Publishers Weekly (January 12, 2016)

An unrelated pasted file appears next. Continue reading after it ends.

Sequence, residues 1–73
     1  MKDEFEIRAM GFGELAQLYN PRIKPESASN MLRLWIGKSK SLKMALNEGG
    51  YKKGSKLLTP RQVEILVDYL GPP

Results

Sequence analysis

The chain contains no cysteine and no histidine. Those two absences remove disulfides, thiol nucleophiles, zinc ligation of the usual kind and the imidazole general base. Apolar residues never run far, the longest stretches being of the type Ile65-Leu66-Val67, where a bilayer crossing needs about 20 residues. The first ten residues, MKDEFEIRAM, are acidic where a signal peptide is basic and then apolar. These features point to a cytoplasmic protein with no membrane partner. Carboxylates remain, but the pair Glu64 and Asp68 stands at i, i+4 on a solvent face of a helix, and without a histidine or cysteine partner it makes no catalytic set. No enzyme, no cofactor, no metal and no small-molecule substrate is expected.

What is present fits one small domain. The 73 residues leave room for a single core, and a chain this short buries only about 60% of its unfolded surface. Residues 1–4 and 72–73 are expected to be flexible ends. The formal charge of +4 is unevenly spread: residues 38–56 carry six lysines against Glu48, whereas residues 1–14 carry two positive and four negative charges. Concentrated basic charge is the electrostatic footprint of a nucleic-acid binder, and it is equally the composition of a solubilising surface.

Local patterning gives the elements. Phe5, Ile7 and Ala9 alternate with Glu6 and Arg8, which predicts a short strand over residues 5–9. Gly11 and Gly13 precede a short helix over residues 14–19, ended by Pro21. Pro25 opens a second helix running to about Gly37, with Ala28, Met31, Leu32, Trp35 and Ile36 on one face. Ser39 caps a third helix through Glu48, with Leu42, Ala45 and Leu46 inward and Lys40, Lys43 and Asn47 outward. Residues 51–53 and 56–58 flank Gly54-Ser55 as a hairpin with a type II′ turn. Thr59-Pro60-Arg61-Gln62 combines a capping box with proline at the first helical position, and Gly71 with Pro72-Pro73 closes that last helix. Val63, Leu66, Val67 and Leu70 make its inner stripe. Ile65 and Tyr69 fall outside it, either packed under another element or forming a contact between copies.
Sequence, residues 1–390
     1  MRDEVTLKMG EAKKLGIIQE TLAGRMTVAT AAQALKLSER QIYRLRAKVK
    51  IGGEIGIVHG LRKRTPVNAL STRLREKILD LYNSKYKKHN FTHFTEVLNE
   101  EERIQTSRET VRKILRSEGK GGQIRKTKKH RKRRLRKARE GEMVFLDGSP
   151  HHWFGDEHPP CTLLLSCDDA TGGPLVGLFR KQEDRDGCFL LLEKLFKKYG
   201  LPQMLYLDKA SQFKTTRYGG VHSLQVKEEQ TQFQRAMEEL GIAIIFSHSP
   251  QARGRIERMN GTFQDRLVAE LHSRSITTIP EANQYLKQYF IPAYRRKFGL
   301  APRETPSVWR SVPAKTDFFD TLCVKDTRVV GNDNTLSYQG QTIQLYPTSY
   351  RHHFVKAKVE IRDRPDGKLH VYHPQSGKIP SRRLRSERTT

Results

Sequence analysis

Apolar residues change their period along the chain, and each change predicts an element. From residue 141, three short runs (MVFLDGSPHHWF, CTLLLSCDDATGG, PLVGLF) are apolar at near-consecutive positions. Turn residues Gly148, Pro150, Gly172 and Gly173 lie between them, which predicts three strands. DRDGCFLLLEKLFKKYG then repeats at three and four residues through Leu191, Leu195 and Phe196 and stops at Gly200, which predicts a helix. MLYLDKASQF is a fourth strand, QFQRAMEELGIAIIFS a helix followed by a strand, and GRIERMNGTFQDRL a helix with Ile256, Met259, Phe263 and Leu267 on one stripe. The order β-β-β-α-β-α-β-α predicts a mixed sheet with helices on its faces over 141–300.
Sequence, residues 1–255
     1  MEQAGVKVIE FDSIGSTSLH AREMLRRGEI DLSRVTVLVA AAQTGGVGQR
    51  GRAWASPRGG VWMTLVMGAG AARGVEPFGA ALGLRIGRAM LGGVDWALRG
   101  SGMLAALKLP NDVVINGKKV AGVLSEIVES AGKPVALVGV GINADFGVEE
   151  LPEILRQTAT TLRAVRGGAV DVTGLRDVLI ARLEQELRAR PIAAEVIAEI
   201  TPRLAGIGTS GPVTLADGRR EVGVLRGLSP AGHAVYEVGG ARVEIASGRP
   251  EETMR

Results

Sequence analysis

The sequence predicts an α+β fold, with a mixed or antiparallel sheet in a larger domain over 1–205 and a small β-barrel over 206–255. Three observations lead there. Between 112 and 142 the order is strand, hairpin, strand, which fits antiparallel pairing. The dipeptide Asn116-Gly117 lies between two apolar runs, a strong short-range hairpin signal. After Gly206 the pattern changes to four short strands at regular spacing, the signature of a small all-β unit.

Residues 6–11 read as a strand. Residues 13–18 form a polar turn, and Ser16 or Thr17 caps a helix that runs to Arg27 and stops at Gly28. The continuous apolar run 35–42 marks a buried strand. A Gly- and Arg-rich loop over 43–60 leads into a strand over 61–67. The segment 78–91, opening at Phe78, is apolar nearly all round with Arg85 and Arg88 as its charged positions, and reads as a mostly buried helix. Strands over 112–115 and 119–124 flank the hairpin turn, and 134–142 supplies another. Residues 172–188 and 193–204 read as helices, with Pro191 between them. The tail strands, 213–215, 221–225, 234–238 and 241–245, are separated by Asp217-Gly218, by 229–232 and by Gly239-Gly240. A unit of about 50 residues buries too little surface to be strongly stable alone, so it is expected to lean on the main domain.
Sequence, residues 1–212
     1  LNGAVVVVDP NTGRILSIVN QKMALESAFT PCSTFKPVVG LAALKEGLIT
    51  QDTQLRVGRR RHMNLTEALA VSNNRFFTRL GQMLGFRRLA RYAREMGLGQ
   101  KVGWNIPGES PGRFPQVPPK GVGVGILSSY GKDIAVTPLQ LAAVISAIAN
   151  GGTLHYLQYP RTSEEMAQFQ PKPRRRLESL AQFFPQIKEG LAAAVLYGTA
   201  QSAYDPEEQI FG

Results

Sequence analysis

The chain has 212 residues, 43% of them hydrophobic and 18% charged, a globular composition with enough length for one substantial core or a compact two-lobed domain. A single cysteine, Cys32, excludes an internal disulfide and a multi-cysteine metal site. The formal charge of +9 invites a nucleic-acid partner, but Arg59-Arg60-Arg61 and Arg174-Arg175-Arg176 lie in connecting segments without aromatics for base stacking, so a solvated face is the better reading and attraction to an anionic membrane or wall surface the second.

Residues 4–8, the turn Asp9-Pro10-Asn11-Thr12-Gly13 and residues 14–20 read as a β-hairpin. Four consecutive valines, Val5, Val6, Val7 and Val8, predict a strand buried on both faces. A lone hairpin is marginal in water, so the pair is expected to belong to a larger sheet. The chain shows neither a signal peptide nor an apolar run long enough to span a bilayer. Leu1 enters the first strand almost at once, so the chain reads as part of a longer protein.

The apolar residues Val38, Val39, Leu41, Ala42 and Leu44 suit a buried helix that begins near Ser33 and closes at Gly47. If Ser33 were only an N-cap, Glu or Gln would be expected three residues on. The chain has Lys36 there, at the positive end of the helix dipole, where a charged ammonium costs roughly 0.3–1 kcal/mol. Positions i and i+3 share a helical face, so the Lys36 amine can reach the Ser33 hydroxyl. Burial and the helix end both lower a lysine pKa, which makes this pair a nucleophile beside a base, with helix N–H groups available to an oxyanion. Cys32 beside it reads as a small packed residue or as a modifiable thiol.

When the affluent Jensons move into town, it’s difficult for the neighborhood children to see past the allure of the fancy toys, bikes, and aboveground pool that sons Colt and Bastian have. Syd Kiley, his brother Declan, and their friends Avery and Garrick befriend the new boys, while Syd’s oldest sister, Freya, takes a shine to Mr. Jenson, idolizing this more attractive counterpart to her own drunken father and chaotic family. It’s clear that unhappiness simmers beneath the surface in this neighborhood, with everyone believing that “the things they don’t want are all they have.” But similarities exist between these disparate individuals, and as Hartnett’s narrative methodically unfolds, lurking secrets reveal themselves, with many children paying the price for their parents’ failings. Writing in an Australian vernacular and alternating among the perspectives of Colt, Freya, and Syd, Hartnett (Butterfly) skillfully weaves metaphors and foreshadowing into her affecting prose, such as Freya’s view of the world as a castle to explore, and her darker vision of a haunting yellow-eyed monster. Hartnett’s examination of different forms of physical, emotional, and psychological abuse is an unsettling, often brutal must-read.